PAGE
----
The best medicine is often preventive and the best way to avoid mechanicals on the trail is to ensure your mountain bike is in working order before you hit the singletrack. Despite our best efforts, stuff happens. When it does, you should be prepared to rise to the occasion and save your ride.
I’m not going to give you half-baked advice, such as how to use a tree branch in place of a handlebar if your handlebar snaps, or suggest that you stuff your tyre full of leaves if you get a flat. Instead, these are practical solutions to common mechanicals that you or your riding buddies are likely to encounter
1. Know how to pump properly
Picture this: you flatted and have just installed a new inner tube. You’re pumping like mad with your hand pump so you can get riding again only to shear off the valve stem. No patch is gonna fix that. So you’d better have a second tube or it could be a long walk home.
There is a right and a wrong way to use a hand pump. The wrong way is to rest the wheel against your thigh and pump like crazy. While effective, this puts undue stress on the valve stem, increasing the likelihood of damage.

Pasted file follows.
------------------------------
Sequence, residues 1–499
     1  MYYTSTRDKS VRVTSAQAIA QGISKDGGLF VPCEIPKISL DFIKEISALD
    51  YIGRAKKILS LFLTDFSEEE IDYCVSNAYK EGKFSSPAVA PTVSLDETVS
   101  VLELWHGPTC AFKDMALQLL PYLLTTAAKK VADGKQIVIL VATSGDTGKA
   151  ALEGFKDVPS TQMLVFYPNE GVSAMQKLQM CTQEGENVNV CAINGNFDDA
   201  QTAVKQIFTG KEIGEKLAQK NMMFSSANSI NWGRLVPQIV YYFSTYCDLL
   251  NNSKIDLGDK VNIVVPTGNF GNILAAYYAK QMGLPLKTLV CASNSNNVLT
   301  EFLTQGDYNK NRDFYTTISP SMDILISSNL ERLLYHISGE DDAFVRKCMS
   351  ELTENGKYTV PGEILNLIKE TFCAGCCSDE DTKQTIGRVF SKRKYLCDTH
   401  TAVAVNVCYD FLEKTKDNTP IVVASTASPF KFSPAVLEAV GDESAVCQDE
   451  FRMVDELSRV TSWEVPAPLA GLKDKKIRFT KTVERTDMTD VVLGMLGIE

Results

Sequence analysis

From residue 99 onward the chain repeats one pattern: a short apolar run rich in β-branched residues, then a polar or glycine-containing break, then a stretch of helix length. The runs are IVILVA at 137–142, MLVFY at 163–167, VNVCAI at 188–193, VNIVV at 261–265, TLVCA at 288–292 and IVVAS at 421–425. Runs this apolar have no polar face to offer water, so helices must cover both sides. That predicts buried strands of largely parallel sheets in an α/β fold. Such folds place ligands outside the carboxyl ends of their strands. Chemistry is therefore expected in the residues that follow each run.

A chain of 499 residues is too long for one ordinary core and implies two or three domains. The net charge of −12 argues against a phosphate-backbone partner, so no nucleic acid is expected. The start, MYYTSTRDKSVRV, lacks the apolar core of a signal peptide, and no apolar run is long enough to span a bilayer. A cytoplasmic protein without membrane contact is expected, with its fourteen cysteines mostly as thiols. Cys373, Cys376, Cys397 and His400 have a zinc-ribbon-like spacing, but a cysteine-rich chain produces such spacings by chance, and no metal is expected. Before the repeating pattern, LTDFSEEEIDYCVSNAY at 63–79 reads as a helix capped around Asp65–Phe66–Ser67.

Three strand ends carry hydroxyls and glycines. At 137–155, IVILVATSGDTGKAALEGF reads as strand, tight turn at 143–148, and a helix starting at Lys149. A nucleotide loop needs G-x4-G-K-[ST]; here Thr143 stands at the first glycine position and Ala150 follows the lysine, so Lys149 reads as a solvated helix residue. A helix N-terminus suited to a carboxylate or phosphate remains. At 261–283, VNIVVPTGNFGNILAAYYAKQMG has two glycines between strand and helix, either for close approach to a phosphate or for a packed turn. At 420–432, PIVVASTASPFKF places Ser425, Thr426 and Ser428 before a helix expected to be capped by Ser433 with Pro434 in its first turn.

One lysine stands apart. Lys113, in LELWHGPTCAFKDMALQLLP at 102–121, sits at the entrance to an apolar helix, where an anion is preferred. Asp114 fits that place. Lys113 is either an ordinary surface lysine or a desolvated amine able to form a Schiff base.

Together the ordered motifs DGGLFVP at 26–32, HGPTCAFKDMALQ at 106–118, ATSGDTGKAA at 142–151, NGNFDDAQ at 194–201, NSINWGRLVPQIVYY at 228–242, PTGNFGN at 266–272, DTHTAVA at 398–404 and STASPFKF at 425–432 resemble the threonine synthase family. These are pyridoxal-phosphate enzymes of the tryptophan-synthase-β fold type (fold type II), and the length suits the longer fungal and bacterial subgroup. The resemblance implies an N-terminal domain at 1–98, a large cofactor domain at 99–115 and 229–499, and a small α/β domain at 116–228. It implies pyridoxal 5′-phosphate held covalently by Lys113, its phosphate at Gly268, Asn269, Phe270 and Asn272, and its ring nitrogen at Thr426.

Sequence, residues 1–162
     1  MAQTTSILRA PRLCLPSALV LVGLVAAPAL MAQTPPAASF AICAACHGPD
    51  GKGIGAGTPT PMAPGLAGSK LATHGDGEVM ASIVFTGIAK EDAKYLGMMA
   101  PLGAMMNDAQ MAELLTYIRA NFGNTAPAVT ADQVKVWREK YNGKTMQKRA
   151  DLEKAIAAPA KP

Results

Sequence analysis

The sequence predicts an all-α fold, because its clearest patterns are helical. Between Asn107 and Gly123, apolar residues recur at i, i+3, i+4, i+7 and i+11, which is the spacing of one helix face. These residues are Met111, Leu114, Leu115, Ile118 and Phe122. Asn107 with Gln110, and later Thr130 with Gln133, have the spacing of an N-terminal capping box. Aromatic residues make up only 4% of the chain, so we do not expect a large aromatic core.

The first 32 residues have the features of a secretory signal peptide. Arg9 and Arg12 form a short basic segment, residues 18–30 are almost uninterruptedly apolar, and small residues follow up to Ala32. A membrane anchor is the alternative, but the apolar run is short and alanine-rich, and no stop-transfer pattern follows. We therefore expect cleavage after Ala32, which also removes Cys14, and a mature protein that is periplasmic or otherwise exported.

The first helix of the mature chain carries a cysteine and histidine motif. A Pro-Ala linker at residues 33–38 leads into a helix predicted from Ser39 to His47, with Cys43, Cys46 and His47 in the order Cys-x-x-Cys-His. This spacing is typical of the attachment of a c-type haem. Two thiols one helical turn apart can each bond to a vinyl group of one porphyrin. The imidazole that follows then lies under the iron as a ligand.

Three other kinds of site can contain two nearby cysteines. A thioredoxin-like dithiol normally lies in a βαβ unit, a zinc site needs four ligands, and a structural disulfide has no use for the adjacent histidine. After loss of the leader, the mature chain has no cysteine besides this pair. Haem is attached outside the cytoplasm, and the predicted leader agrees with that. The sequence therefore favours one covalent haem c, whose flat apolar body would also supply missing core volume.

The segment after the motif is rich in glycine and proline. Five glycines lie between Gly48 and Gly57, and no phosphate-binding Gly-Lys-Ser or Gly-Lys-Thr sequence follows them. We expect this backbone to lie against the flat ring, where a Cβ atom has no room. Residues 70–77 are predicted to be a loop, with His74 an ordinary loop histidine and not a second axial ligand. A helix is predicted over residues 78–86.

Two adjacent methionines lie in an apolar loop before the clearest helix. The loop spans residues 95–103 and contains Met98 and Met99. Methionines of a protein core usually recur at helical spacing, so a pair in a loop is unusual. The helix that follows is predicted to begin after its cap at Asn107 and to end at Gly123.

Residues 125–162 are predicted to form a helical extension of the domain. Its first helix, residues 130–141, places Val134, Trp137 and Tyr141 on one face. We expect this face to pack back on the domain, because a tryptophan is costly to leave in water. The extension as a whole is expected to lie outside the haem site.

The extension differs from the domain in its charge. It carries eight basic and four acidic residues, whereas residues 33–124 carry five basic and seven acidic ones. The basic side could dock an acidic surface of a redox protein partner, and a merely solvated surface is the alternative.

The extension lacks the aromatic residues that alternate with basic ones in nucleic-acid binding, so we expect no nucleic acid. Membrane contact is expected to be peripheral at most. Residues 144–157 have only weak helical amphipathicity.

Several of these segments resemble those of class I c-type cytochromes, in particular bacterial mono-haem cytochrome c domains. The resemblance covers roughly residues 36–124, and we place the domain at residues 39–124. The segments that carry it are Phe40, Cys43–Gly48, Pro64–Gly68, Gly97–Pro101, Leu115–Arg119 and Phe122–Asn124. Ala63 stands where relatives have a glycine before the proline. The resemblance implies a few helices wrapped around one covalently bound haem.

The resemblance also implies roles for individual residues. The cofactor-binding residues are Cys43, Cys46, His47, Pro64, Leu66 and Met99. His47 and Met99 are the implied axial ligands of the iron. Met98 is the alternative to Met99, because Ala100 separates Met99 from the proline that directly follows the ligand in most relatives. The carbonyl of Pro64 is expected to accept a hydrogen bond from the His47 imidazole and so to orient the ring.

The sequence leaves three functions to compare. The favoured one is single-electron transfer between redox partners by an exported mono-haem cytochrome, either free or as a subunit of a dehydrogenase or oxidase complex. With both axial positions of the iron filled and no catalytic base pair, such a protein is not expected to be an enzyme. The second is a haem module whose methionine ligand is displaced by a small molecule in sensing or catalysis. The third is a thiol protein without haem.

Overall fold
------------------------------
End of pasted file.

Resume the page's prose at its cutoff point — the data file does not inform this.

2. Give sidewall tears the boot
3. Carry the right multi-tool
4. Fix a cleat with your bike’s ‘back-up bolts’
5. Trailside singlespeed conversion
- Remove what remains of the rear derailleur by unbolting it from the hanger. Take the rear derailleur cable and loop it around the seatstay so that it won’t get tangled in the drivetrain.
- Open the quick-link or remove a pin with your chain tool. (Using the quick-link is generally preferable, but you’re going to be shortening the chain anyway.)
- Attempt to find a workable gear combination with the straightest chainline possible. Use the middle chainring on a triple crankset, the small ring on a double, and, well, the only chainring on a 1x drivetrain. Find a gear combination that will work without too much slack in the chain and splice the chain back together.
- If you have a full suspension, be aware that most suspension designs have some degree of fore/aft axle movement as the wheel moves through its travel. This means that while your chain might appear reasonably tensioned when you’re hacking things together, the chain will become too loose or too tight as the rear suspension compresses. To counter this, lock out the rear suspension.
- If you have a shock pump handy, inflate the rear suspension to the point that the suspension won’t compress in the open position (but be sure to stay below the shock’s maximum air pressure, which is usually printed on the shock body.) High air pressure plus the lockout will minimize any rear suspension movement that could compromise chain tension.
You can read more at BikeRadar.com